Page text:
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The Role of Long-term Acute Care Hospitals in Treating the Critically Ill and Medically Complex: An Analysis of Nonventilator Patients.

Koenig L, Demiralp B, Saavoss J, Zhang Q - Med Care (2015)

Bottom Line: LTCH care is associated with increases in Medicare payments ranging from $3146 to $17,589 (P<0.01) with no mortality benefit for 3 categories and payment reductions of $5419 and $5962 (P<0.01) at lower or similar mortality for 2 categories.LTCH patients with multiple organ failure experience lower mortality at similar or lower payments (3 categories) or similar mortality at lower payments (1 category) compared with patients in other settings, with mortality benefits between 5.4 and 9.7 percentage points (P<0.05) and payment reductions between $13,806 and $20,809 (P<0.01).For patients with ≥3 days in intensive care, LTCH care is associated with improved mortality and lower payments in 4 and 3 categories, respectively.

View Article: PubMed Central - PubMed

Affiliation: *KNG Health Consulting, LLC, Rockville, MD †Formerly KNG Health Consulting, LLC, Baltimore, MD.

ABSTRACT

Background: Little evidence exists on the effects of receiving care in a long-term acute care hospital (LTCH).

Objective: To examine LTCH effects on mortality and Medicare payments overall and among high-acuity patients.

Research design: A retrospective cohort study of Medicare beneficiaries using probit and generalized linear models. An instrumental variable technique was used to adjust for selection bias.

Subjects: Medicare beneficiaries within 5 major diagnostic categories and not on prolonged mechanical ventilation.

Measures: Mortality (365 d) and Medicare payments (180 d) during an episode of care.

Results: LTCH care is associated with increases in Medicare payments ranging from $3146 to $17,589 (P<0.01) with no mortality benefit for 3 categories and payment reductions of $5419 and $5962 (P<0.01) at lower or similar mortality for 2 categories. LTCH patients with multiple organ failure experience lower mortality at similar or lower payments (3 categories) or similar mortality at lower payments (1 category) compared with patients in other settings, with mortality benefits between 5.4 and 9.7 percentage points (P<0.05) and payment reductions between $13,806 and $20,809 (P<0.01). For 1 category, we found no difference in mortality or payments between LTCH and non-LTCH patients with multiple organ failure. For patients with ≥3 days in intensive care, LTCH care is associated with improved mortality and lower payments in 4 and 3 categories, respectively.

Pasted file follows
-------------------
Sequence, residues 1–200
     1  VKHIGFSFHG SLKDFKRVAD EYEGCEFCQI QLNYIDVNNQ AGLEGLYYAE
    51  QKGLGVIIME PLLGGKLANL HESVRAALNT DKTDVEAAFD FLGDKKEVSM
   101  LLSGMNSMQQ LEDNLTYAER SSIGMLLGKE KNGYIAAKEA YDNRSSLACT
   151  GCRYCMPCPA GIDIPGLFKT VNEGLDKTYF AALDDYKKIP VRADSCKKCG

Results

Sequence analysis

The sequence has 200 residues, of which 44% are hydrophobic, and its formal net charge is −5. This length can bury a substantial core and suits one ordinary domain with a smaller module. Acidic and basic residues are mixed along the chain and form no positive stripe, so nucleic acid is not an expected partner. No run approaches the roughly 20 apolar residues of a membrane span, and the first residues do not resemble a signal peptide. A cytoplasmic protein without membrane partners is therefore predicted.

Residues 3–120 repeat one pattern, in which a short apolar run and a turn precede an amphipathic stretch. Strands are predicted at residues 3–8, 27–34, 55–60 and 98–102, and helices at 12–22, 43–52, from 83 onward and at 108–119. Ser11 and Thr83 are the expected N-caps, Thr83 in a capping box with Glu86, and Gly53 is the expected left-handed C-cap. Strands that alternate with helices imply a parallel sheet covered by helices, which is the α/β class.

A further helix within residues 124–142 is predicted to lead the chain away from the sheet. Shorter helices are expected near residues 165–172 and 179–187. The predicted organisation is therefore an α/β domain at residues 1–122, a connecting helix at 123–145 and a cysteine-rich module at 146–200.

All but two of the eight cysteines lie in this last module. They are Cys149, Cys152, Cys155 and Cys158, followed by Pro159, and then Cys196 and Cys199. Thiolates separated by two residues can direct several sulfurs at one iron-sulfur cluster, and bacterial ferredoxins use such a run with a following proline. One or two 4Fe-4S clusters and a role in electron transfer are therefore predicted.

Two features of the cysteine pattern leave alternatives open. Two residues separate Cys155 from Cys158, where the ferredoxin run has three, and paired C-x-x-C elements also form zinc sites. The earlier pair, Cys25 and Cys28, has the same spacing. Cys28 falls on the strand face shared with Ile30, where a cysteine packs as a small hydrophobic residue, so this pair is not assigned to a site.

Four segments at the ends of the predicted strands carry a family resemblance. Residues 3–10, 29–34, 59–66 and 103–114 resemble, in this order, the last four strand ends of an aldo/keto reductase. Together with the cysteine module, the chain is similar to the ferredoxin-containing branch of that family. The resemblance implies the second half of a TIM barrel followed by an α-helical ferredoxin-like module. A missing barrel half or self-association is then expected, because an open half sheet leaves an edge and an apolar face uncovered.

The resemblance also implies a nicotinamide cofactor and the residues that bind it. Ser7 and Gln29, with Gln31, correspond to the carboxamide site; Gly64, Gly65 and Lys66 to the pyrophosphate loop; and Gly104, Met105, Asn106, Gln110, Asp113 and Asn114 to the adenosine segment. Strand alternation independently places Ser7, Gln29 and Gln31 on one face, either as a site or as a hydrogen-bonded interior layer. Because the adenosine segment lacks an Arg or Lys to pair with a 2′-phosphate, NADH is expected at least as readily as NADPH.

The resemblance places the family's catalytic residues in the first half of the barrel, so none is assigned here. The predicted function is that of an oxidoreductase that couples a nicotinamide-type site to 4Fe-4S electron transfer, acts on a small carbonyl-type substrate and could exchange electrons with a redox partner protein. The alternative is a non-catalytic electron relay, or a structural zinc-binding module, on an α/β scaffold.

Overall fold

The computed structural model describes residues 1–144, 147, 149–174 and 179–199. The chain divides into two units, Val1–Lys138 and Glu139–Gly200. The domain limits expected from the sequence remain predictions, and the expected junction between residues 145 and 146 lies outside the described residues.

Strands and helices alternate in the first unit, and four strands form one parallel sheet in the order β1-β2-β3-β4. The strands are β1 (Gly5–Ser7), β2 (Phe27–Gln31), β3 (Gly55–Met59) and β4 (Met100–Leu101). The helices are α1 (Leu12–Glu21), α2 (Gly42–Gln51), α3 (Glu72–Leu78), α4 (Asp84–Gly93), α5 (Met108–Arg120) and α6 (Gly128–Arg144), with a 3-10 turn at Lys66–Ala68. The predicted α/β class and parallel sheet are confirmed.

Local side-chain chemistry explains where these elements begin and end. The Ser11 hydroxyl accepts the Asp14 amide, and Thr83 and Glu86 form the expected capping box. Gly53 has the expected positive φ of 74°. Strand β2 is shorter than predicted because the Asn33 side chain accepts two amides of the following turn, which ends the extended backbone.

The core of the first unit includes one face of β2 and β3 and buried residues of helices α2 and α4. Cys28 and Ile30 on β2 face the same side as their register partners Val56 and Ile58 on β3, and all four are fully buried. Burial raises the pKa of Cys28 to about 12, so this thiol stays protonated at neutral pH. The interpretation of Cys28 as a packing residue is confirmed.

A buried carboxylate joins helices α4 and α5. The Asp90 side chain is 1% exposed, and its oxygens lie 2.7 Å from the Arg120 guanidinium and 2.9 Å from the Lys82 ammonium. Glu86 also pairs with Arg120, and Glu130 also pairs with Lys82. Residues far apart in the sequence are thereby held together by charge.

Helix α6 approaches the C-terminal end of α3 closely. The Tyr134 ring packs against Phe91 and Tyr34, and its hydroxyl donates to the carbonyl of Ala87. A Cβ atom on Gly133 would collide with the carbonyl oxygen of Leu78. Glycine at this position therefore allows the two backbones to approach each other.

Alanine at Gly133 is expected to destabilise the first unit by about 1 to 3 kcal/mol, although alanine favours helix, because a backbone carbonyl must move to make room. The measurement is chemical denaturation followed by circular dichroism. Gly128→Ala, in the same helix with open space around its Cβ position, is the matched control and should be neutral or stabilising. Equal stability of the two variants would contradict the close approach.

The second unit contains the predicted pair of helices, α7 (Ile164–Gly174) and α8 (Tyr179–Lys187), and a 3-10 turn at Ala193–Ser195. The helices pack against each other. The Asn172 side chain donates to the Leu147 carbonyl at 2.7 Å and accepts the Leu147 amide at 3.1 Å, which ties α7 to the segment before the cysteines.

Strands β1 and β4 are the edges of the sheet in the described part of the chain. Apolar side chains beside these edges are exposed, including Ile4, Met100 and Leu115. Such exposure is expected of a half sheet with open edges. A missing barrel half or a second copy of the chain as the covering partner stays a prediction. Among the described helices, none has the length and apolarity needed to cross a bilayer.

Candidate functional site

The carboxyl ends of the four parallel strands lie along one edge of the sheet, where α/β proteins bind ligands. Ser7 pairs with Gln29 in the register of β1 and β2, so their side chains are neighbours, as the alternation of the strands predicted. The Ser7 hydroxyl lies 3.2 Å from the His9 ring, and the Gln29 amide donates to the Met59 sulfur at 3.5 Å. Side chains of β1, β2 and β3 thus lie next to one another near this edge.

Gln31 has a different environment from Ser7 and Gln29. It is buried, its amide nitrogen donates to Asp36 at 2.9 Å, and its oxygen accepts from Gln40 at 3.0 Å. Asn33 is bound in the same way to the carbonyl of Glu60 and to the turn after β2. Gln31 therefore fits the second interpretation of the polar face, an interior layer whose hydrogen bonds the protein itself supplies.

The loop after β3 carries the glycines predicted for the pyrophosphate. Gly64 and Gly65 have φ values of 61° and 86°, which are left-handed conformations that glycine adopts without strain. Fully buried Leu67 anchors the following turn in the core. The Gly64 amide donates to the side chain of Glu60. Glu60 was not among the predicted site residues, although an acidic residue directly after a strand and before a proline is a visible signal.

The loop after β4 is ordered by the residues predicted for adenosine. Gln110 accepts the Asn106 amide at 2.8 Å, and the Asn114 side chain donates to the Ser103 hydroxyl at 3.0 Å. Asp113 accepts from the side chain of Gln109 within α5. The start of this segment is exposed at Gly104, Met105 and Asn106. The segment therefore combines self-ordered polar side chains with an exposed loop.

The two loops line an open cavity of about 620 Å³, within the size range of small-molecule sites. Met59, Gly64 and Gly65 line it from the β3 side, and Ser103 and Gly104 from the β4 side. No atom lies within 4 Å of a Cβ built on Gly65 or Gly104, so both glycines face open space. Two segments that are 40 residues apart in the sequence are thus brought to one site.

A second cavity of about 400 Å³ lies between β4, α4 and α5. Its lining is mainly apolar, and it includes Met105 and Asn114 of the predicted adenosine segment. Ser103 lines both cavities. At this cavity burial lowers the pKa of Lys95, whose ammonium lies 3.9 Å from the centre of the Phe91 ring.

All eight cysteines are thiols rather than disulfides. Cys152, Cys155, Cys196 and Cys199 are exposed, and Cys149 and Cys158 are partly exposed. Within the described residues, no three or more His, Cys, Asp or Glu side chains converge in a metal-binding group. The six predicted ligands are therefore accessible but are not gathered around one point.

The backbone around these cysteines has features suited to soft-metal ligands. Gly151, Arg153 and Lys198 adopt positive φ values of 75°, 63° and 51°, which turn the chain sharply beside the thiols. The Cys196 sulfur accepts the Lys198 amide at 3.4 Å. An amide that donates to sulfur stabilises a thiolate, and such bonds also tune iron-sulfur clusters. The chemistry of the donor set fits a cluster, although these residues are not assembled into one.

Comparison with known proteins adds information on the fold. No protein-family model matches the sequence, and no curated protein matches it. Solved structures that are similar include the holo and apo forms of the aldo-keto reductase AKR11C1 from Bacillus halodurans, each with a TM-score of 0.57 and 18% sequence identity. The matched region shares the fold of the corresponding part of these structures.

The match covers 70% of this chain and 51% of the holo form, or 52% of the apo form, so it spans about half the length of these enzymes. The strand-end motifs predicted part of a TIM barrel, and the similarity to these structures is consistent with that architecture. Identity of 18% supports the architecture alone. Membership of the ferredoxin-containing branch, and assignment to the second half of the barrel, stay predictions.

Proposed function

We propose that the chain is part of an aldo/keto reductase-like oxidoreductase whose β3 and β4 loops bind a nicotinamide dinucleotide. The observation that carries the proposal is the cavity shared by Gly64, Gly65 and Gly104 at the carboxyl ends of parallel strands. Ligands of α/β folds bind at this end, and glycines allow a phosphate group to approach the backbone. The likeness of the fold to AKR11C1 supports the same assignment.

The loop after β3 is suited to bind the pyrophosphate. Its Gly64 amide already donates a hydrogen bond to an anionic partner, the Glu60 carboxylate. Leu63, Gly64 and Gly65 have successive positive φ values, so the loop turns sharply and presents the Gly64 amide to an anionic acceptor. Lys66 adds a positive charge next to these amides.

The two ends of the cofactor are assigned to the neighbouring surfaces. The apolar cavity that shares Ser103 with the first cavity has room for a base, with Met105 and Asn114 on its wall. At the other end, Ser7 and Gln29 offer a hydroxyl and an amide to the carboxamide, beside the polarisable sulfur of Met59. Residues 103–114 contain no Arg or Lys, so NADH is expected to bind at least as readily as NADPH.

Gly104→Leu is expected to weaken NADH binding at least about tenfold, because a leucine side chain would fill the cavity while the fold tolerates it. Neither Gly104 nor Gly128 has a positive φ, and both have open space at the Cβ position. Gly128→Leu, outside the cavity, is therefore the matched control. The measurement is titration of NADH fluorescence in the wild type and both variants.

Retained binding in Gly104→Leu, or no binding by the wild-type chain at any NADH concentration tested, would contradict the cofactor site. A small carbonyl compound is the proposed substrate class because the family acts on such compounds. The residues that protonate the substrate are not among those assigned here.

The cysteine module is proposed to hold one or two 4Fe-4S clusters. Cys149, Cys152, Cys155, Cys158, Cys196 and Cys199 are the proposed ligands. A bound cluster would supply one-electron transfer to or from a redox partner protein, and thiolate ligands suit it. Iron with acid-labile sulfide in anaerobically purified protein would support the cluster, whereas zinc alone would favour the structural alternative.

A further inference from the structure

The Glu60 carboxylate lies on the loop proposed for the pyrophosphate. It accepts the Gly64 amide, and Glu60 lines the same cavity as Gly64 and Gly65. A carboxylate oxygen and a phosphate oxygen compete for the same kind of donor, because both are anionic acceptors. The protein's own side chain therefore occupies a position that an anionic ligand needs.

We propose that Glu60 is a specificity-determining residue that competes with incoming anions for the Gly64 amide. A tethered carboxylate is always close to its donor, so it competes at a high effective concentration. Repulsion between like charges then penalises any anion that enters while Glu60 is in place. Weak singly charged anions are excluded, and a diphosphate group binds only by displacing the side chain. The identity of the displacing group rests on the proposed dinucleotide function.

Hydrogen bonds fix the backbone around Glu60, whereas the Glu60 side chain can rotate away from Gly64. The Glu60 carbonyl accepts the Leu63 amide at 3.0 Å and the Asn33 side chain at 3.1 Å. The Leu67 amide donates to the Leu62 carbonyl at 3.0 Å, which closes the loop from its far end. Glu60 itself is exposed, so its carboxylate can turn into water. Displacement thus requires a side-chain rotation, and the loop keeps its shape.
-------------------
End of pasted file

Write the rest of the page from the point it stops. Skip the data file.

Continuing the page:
Conclusions: Receiving care in an LTCH may improve outcomes for some patients. Further research is needed to better define patients for whom care in these hospitals is beneficial.

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Related in: MedlinePlus

Marginal LTCH effects on 365-day mortality and 180-day Medicare payments. The figure illustrates the baseline marginal effect estimates presented in Tables 4 and 5. Error bars show the 95% confidence intervals. LTCH indicates long-term acute care hospital.
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Figure 1: Marginal LTCH effects on 365-day mortality and 180-day Medicare payments. The figure illustrates the baseline marginal effect estimates presented in Tables 4 and 5. Error bars show the 95% confidence intervals. LTCH indicates long-term acute care hospital.

Mentions: The marginal effect of LTCH care on Medicare payments is positive but smaller in magnitude for patients with ≥3 days in an ICU/CCU compared with other patients in the respiratory and infectious and parasitic DDs categories. In the digestive category, LTCH patients with ≥3 days in an ICU/CCU experience similar reductions as other LTCH patients. In the remaining 2 categories (circulatory and musculoskeletal and connective tissue), LTCH care is associated with lower Medicare payments for patients with ≥3 days in an ICU/CCU, whereas it is related to similar or higher Medicare payments for patients with <3 days in an ICU/CCU. The payment model results were robust to excluding from the study sample those with very low predicted probability to transfer to an LTCH (Appendix C, Supplemental Digital Content 3, http://links.lww.com/MLR/A955). A comparative graphical presentation of mortality and payment results is included in Figures 1–3.